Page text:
21 Oct 2013

General Tips for Localization and Internationalization

International Business Advice Comments Off

After more than 10 years in business and literally millions of words translated, we have seen translation projects go smoothly and we have seen some that, well, fail miserably. We’ve found that the ones that have failed had certain common threads. This article is designed to help you avoid some of those common pitfalls.

1. Plan Early

Plan for translation from the very beginning, as soon as you know (or even suspect) that your product will be marketed abroad. This will save money, and help alleviate the time-to-market crunch down the line. In the design stage, acquaint software designers, technical writers and editors with the implications of writing for localization and translation into foreign languages. Not all design software supports all languages, so it is important to discuss with your translation provider the best options for your particular situation.

2. Design With The Rest Of The World In Mind

Colors can be pleasing to some audiences while offending others. Be sure to reference a listing of international color significances before you inadvertently send the wrong message.

  • When using icons it is important to be aware that while these differ across borders, there are many international symbols that are universally acceptable.
  • Date and Address formats differ from locale to locale. Many countries use the 24-hour clock, and the ‘day/month/year’ order is the internationally accepted date format outside the U.S.

3. Quick Localization Checklist

  • Cull all “logistics” information that is not applicable outside the U.S., such as “800” telephone numbers, hours of operation for support services, lists of your U.S. local offices, U.S.-specific warranties and regulatory information.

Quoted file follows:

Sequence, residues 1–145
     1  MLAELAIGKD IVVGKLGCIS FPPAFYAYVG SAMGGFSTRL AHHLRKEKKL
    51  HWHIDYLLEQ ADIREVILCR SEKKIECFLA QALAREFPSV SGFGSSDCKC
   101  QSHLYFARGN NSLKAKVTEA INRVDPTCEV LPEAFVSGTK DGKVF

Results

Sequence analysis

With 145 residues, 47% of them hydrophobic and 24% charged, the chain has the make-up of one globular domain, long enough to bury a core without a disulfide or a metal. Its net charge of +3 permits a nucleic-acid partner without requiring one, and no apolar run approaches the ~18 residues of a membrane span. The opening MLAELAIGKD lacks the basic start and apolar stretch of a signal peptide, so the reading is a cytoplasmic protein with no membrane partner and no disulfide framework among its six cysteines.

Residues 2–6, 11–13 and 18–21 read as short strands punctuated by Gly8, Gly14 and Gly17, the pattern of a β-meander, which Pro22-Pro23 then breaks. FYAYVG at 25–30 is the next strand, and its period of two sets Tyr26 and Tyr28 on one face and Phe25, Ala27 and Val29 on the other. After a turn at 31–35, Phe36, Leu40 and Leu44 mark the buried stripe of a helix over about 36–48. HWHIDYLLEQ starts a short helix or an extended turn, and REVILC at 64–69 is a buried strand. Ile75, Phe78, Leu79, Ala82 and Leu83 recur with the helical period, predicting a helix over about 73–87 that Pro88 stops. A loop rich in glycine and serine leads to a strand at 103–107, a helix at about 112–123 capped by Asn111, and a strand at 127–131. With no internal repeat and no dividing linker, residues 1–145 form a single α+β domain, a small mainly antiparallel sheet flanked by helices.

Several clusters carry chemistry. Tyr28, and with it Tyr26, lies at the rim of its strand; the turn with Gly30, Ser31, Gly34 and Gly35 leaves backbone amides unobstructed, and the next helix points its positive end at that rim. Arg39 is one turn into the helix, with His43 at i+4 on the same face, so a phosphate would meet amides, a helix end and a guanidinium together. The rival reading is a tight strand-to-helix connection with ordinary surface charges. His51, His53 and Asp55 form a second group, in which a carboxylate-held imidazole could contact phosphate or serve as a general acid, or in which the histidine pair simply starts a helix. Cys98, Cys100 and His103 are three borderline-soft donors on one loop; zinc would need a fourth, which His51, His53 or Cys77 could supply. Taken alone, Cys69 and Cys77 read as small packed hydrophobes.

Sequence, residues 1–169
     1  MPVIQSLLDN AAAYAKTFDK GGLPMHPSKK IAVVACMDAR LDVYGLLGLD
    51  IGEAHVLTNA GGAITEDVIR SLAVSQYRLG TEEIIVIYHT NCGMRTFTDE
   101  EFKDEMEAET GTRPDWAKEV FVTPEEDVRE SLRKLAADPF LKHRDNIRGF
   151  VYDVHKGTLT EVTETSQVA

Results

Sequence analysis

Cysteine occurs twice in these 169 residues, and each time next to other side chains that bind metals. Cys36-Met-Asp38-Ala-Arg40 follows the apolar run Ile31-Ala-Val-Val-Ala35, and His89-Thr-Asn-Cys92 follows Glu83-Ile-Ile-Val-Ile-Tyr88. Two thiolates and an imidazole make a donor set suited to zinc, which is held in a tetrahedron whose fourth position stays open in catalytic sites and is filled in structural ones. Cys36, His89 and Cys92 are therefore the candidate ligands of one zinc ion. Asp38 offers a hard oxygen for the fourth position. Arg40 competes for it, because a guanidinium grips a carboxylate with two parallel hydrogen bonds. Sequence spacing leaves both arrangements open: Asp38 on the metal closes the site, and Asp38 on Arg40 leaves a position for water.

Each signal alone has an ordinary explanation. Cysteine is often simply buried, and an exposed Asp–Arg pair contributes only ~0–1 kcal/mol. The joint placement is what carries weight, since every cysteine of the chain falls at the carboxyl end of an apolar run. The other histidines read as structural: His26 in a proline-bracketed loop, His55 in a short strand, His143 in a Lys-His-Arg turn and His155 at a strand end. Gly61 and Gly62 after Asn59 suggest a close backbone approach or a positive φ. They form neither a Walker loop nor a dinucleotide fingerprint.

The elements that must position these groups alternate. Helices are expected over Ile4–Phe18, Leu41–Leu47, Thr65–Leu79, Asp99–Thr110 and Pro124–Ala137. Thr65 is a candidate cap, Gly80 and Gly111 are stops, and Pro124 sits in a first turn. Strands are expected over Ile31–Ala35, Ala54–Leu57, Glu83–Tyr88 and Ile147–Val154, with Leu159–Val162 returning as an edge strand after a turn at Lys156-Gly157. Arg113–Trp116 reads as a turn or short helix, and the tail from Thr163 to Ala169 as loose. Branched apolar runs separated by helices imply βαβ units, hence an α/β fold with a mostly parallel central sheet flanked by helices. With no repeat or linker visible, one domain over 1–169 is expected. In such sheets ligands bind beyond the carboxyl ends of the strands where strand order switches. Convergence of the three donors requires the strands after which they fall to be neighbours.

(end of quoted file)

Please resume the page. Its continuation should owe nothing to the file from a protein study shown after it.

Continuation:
• Remember the principle for clarity is ONE WORD = ONE MEANING. Since words can have several meanings, try to simplify your text by keeping the words with one meaning isolated and use this term consistently throughout the text.

4. Language Expansion

Many important languages of today’s marketplace require more space than English. This means that the foreign language equivalent of an English word, phrase or entire document tends to “grow” by anywhere from 10 to 100 percent!

  • Allow plenty of “white space” on every page, to accommodate copy expansion in the foreign language. A general rule of thumb is to leave 30% white space per page, with consideration also given to the matching of text and graphics on certain pages.
  • Avoid constrictive framed, boxed, or columnar copy
  • Design as much extra character space as possible in the display, software prompts and messages.

5. Terminology

  • Avoid creating new technical terms where adequate ones already exist. Develop a glossary of your product and company specific terms, giving a clear definition of each. Using a program with indexing features during the writing cycle will allow you to tag important terms as you write, then collate them afterwards as your base glossary, to which you add definitions.
  • Avoid abbreviations and acronyms wherever possible. They can be confusing to both your reader and your translator. When acronyms are a MUST, remind yourself of the standard rule: On first occurrence of the abbreviation or acronym, write the full phrase, followed by the abbreviation or acronym in parentheses
  • Provide reference materials to the translator with any and all marketing literature, specification sheets and engineering notices related to your product.
  • Provide all artwork, including illustrations, photos and other graphics components of your to-be-translated document, even if they don’t have any text in them. If the graphics need to be edited, be sure to provide the graphic files in their original format.

6. Avoid “Translation Hazards”

  • Avoid “minimalist English” and U.S.-specific references and examples wherever generics will do. Instructions such as: “Monday morning quarterback” are meaningless to your foreign end-user.
  • Your translator will spend needless time coming up with appropriate re-wording.
  • Avoid jargon, slang and buzzwords.
  • If a term is not listed as acceptable in a current reputable dictionary or specialized glossary, don’t use it.
  • Avoid using the slash (/) as casual punctuation meaning “and” or “to”.
  • Avoid using ambiguous modal auxiliary verbs like ‘may’ or ‘might’. Instead, you should use a phrase such as “It is possible that…”.
  • TranslationSmart, Inc. can assist you with an intial analysis of your document to try and locate any potential problems before the translation process begins. Contact us for more information!
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